Now Lex Machina has turned its focus on cleaning up another annoyance found in PACER data, as well as many of the other platforms that pull data from PACER. The Attorney Data Engine analyzes the PACER information and identifies the attorneys that are actually associated with the case, even if those attorneys do not show up on the attorney list via PACER.
I talked with Karl Harris, Vice-President of Products at Lex Machina, a couple weeks ago, and he gave me some insights on the new Attorney Data Engine, and how they are increasing the accuracy of identifying attorneys and law firms that are actually working on the cases filed through PACER. Karl mentioned that in New Jersey and Delaware, two very important states when it comes to Intellectual Property cases, only about 54% of the attorneys that work on the cases, actually show up in the PACER information. That means that nearly half of the attorneys are missing from the metadata produced by PACER. When accuracy is important, missing nearly half of the attorney names can cause quite a problem.
For those of us that ever put on a demo for an attorney of docket information, we know that one of the first questions the attorney asks is "can you find 'X' case, which I represented 'Y' client?" If you cannot find that information, the demo may as well end right there. Attorneys are issue spotters. If you cannot get accurate information, they will not trust that the product actually works.
With the new Lex Machina Attorney Data Engine, you should be able to find the attorney information, even if PACER missed it.
Here is an overview of the three components of the Attorney Data Engine:
- The PACER metadata itself: Every time Lex Machina crawls PACER data, they keep a historical record and can identify when attorneys are added or removed from a case over time. This makes the PACER data better by itself.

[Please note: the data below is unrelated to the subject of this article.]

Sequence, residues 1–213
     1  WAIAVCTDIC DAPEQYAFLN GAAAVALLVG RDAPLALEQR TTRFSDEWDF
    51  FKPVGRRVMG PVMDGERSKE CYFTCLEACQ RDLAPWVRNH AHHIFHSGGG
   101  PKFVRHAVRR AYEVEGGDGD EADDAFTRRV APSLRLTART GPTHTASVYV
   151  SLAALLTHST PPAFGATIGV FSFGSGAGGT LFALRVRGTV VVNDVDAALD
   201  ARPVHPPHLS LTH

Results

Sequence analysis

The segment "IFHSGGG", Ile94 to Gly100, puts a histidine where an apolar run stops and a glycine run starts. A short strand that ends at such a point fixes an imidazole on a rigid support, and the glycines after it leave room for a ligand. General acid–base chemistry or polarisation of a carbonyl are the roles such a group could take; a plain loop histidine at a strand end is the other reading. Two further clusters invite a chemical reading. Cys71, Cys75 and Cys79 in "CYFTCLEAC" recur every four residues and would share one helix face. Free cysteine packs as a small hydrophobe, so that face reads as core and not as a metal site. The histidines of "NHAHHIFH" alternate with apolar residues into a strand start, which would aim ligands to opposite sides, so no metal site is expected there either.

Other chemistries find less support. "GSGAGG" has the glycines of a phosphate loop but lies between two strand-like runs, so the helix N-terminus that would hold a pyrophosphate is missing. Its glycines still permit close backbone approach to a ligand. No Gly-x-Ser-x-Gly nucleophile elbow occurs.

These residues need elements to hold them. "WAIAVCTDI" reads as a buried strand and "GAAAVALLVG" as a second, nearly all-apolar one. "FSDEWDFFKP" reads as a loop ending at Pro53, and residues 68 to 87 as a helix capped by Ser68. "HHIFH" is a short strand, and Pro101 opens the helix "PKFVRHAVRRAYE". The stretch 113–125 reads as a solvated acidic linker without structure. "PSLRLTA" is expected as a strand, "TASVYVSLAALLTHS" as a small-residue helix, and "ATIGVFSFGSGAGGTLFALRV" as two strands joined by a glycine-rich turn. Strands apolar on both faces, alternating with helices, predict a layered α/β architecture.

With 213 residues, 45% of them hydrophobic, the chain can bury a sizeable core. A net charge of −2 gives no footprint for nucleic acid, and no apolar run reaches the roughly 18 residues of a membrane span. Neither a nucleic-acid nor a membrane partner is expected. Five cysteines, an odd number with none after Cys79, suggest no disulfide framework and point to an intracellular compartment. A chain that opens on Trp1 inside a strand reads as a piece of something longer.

- Pro Hac Vice Extractor: Docket entries will mention when attorneys are added Pro Hac Vice to a case. Lex Machina also keeps a record of attorneys associated to law firms (over time.)
- Signature Block Analyzer: Lex Machina analyzes the documents attached to the docket entries and identifies the signature blocks for each attorney. Even if the attorney's name doesn't show up in the Docket entry, if they have a signature block, they are then associated with the case.
Karl Harris states that the Attorney Data Engine makes Lex Machina "the best source for reliably figuring out which attorneys are involved in which cases."
It will be interesting to watch Lex Machina grow over the next couple of years, and to see how its new parent company, Lexis, assists in advancing its progress through access to additional data points. It is not a far jump to see how the Attorney Data Engine processes can be turned into a Company Data Engine using Lexis' company information databases. Lexis has the content, and Lex Machina has the analytical resources to make that content better. It should make for some interesting results as the two companies learn how to adapt processes to the different products.